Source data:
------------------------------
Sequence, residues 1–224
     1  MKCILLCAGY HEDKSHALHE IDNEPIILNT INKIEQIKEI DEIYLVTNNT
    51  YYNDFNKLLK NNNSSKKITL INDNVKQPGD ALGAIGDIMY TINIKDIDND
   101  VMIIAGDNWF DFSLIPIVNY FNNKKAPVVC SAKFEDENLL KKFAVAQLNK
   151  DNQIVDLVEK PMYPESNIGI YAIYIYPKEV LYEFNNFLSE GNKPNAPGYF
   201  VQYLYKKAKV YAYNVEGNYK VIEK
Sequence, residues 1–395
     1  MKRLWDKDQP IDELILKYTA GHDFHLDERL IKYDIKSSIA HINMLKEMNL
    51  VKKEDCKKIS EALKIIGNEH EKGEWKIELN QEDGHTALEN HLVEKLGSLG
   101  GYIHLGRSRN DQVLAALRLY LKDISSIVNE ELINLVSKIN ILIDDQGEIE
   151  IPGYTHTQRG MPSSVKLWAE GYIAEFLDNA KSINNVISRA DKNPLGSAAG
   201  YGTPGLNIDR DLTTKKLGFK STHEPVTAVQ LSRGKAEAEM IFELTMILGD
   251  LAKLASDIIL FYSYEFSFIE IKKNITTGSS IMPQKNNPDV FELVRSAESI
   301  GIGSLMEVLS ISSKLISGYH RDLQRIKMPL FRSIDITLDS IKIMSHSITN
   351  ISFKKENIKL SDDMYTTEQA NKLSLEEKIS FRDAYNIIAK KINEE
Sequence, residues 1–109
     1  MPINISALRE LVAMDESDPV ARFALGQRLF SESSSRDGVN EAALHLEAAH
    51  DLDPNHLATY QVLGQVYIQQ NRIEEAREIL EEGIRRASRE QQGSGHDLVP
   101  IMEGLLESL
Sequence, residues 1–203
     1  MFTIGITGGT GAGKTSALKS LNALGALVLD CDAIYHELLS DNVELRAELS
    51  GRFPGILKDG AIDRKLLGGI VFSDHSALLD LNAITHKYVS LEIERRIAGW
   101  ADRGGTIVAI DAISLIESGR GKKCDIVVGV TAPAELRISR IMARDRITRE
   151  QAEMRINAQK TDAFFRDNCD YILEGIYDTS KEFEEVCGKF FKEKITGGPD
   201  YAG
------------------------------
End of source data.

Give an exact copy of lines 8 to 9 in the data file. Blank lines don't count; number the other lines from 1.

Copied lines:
     1  MKRLWDKDQP IDELILKYTA GHDFHLDERL IKYDIKSSIA HINMLKEMNL
    51  VKKEDCKKIS EALKIIGNEH EKGEWKIELN QEDGHTALEN HLVEKLGSLG